Andrew and Ken lay resting on two couches in Frank’s basement. It was seven o’clock in the evening. They had barely slept the last twenty-four hours and were exhausted. The demand for the Tuna Life app was still going strong, and it now represented a continuous challenge for their servers. The app was downloaded from iTunes, so the downloads in themselves didn’t represent any problem. The problem arose when people started using the app. The servers in Frank’s basement had to process all the enquiries it got. The software had to redesign and adjust the images of the clothing before sending it back to the users’ phones. This process required immense datapower, and Andrew tended to agree with Frank when he had claimed that to succeed in the mobile internet industry, it wasn’t enough to be a great software company – you also had to be a great hardware company. Speed was so important for users that you needed adequate hardware capacity to make the user experience seamless. In some odd way Frank had managed to connect a bunch of servers, in an intricate system, for only a fraction of what it would have cost to buy the finished systems from suppliers. It didn’t look professional with all the open wiring and motherboards stacked on top of each other. But it worked.

“How’s it going?” Frank hollered from the top of the stairs to the basement.

“Where the fuck have you been?” Andrew yelled back.

“Had to go to Nimbin. Ran out of weed,” Frank replied as he walked down the stairs.

“So you left your fucking front door open? We have more than seventy thousand dollars of equipment stored down here. You might as well have left a sign on the door: Please come in, take whatever you feel like.”

“Is something missing?” Frank asked.

“No, but…”

“So why the long face? I’m bringing back good stuff,” Frank said and pulled out a big bag of marijuana from his backpack.

Ken straightened up in the couch, smiling.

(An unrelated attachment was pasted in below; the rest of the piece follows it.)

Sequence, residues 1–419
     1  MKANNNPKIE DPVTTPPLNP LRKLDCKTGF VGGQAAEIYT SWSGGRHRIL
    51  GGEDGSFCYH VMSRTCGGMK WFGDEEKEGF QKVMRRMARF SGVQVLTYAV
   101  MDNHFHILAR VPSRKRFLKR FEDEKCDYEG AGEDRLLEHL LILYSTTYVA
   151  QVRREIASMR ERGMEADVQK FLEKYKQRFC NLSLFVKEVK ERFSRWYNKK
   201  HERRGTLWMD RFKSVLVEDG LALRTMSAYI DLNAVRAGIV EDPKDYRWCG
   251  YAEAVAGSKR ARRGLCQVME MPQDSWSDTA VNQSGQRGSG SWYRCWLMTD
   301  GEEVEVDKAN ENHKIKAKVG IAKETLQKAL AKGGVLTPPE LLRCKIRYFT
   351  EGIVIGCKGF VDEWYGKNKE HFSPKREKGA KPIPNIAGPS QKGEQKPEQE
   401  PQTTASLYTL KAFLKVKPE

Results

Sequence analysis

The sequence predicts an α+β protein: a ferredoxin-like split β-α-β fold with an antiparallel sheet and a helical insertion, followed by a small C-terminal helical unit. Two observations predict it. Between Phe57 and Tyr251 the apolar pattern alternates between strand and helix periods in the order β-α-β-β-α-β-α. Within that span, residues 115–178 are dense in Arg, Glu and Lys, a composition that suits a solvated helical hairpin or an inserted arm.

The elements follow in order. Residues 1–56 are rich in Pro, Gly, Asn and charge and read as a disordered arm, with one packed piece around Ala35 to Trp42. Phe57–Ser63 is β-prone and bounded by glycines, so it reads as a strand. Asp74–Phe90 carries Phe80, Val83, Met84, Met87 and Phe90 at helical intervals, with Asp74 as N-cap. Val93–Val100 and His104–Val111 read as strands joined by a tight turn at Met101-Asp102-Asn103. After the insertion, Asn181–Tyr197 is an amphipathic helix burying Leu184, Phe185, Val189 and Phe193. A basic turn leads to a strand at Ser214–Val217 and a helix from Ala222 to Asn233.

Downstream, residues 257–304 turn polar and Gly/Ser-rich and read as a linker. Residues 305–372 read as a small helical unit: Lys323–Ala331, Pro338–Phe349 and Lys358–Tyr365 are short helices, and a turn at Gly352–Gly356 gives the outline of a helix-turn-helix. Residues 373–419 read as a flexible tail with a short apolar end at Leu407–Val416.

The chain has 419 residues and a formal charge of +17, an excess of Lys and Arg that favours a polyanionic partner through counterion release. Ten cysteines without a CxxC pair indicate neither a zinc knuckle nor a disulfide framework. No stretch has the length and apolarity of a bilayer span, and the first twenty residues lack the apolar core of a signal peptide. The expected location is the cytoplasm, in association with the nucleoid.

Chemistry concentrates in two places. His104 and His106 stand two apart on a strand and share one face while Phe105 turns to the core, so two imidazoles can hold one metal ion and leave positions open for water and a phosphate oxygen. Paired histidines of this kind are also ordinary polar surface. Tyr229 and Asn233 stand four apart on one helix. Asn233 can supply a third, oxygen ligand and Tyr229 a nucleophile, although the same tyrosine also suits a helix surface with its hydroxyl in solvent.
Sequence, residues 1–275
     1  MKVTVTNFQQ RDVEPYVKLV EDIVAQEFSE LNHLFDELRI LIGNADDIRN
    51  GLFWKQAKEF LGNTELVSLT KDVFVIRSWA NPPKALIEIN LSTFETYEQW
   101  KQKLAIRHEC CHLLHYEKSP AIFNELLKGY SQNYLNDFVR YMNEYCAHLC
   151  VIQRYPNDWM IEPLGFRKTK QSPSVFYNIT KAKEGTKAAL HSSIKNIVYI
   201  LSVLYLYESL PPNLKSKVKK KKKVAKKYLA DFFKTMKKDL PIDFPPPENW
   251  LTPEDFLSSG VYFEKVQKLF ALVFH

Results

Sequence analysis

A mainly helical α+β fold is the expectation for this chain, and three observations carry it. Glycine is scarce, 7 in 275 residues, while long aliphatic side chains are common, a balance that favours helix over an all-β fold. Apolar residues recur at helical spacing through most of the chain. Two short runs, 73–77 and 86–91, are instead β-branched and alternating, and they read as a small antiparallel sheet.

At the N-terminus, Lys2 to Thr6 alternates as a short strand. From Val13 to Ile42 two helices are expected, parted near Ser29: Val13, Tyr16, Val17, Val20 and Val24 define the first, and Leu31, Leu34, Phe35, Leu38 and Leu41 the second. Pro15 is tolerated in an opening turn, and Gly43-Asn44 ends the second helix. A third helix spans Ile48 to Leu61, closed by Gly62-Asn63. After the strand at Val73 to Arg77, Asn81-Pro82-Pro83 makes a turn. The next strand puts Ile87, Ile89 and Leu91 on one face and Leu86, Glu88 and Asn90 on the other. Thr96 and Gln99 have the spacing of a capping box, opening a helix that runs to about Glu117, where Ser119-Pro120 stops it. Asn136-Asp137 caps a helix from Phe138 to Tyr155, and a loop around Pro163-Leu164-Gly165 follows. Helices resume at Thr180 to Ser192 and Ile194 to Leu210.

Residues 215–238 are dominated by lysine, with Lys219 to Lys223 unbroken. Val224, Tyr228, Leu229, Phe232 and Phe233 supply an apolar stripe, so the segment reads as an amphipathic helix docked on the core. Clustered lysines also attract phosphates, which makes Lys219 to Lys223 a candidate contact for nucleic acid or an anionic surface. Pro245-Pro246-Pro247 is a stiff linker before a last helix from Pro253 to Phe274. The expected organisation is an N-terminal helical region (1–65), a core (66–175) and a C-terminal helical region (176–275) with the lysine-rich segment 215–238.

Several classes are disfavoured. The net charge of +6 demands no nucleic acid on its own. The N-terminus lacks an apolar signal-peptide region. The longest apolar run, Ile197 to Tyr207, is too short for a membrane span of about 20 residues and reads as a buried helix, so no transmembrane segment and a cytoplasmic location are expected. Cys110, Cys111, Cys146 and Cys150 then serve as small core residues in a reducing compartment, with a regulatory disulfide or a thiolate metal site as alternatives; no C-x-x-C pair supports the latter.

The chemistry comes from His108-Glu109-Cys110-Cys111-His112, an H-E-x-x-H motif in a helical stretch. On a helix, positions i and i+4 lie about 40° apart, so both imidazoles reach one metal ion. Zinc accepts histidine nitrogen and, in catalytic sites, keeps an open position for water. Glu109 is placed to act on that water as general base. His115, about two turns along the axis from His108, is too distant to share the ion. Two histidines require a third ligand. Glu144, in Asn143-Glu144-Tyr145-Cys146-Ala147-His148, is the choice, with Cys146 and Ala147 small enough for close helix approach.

Andrew just walked straight past Frank without even looking him in the eyes. “We have a company to run here. This isn’t a game.”

“Yes, sir,” Frank replied. Standing erect as Andrew left the basement.




They don’t take it seriously,” Andrew whined to Richard. “They don’t understand that this is going to be massive. I’m afraid they may hurt the company more than they will help it.”

“So you want them out?” Richard asked.

“No, no out. But I don’t see how they fit into management if the company continues to grow at this speed.”

“They are co-founders, Andrew, and they own the same number of shares as you. It won’t be easy to get rid of them. And you would also have to consider who to replace them with. Have you thought about that? Ken is a brilliant designer, and I shouldn’t even have to tell what I think about Frank. The man is a genius.”

“I know. But we have the source code in place. With a couple of good engineers on the team I’m sure we could improve the product, even without Frank. Nobody is irreplaceable.” Andrew didn’t necessarily want to get rid of Frank, but there was something about him that just didn’t feel right. He was unpredictable, he had a massive authority problem, and he had disappeared in the middle of the launch of the Tuna Life app. Just when they needed him the most. On one of the most important days in the short history of Tuna Life, Frank had decided to travel to Nimbin to buy marijuana. It was a bad sign, and Andrew had to make sure that he had alternatives available if something like this should ever happen again.

“I don’t really know,” Richard said. “But I’ll bring the issue up when I next see Roman. He will know what to do.”